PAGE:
Though a bit bigger and a tad less portable than the other options on this list, the Ortovox Alu 240 is a large, sturdy probe for skiers who value tough design. Not only will the aluminum construction hold up to harsh weather or tough environments, but the large 11-mm probe can push through snowpacks with ease.
At the forefront of this well-made device is the excellent assembly system that’s easy to both set up and collapse. You never want to waste time in a rescue-style situation, and this cuts down on that wonderfully.
The Aramid tensioning system, which helps compensate for any shrinking or stretching of the internal cable, works well too. It’s also worth noting that, while the Alu 240 is on the bigger side, it’s also lightweight and rather portable for its size.
What We Like:
- Quick setup and collapse
- Visible depth markings
- Strong internal cable
- Intuitive adjustment system
- Aramid tensioning system
- Large tip
- Striking colors
What We Don’t Like:
- Not the most portable option
Useful Tips and Resources
Avalanches are extremely dangerous. You always need to be prepared when heading out into the backcountry. Though many think they can brave it alone, it’s always better to understand basic safety tips and know what to do should something go wrong.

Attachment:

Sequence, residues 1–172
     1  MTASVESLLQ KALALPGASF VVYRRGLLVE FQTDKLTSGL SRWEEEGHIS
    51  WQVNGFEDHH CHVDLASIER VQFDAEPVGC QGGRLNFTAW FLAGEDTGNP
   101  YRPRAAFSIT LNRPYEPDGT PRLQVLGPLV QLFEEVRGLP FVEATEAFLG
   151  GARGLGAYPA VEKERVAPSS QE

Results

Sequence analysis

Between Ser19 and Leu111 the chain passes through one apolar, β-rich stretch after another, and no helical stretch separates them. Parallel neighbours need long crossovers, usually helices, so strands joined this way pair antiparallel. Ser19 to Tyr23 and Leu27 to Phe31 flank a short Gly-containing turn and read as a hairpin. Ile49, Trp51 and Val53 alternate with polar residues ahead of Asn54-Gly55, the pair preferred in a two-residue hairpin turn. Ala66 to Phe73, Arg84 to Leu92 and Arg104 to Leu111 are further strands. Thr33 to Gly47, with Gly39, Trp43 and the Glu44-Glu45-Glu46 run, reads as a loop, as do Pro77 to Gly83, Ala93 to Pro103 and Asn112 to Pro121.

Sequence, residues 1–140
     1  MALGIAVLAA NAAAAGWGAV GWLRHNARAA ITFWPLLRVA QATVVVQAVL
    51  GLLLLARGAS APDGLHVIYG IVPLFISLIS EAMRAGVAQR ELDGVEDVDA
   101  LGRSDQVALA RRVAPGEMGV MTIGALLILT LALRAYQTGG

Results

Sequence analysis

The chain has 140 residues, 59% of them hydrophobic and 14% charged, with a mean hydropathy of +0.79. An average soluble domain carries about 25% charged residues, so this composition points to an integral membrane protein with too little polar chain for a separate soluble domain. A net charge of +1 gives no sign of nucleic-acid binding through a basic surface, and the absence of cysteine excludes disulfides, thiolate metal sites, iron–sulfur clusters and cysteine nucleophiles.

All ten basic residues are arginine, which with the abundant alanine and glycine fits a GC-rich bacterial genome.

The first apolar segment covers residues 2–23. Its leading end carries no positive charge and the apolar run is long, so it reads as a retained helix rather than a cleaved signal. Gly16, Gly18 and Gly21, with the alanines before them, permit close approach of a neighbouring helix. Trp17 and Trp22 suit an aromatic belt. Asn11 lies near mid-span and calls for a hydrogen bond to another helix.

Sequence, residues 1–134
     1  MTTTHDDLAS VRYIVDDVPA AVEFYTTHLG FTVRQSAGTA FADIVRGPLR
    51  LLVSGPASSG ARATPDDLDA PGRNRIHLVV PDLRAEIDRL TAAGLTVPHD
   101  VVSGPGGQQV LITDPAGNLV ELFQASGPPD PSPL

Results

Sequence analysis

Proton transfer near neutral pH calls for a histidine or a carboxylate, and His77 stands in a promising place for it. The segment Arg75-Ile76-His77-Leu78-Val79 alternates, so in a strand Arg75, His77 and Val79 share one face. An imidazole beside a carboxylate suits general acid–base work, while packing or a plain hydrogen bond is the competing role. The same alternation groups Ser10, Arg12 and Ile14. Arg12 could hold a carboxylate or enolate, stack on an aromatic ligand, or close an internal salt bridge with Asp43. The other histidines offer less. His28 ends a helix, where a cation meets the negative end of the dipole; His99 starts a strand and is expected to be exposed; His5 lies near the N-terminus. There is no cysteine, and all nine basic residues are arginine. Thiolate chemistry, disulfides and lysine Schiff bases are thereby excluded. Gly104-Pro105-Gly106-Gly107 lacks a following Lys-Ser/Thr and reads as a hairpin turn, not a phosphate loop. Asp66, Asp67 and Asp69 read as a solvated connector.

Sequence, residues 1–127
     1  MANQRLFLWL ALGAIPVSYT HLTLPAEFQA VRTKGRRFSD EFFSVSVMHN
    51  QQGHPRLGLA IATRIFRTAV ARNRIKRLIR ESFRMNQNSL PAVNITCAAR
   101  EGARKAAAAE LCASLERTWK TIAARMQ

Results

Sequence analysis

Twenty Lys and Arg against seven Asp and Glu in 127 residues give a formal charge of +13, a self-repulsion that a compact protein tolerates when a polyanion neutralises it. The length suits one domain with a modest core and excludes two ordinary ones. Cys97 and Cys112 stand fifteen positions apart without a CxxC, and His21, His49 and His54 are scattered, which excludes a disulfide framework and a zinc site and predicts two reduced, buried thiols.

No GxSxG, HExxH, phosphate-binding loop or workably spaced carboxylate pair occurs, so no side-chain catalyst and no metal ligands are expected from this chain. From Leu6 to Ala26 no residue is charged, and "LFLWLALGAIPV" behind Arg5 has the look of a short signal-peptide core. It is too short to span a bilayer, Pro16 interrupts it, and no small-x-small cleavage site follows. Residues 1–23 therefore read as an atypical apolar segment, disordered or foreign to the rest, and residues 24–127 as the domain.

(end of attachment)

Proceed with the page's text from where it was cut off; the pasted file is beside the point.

It’s also important to note that traversing the backcountry even in the best conditions is not easy. There’s a lot you need to know, especially if you’re new to the discipline. Consulting this video will help you get started.
You never know when an avalanche might hit. That’s why it pays to be prepared. There are several key items you need in any backcountry pack, but a probe is one of the most important. If you’re planning on heading into the unknown, the above options will make sure you’re ready for whatever might come your way.
Where do you like to ski off-piste? What are your favorite spots? Let us know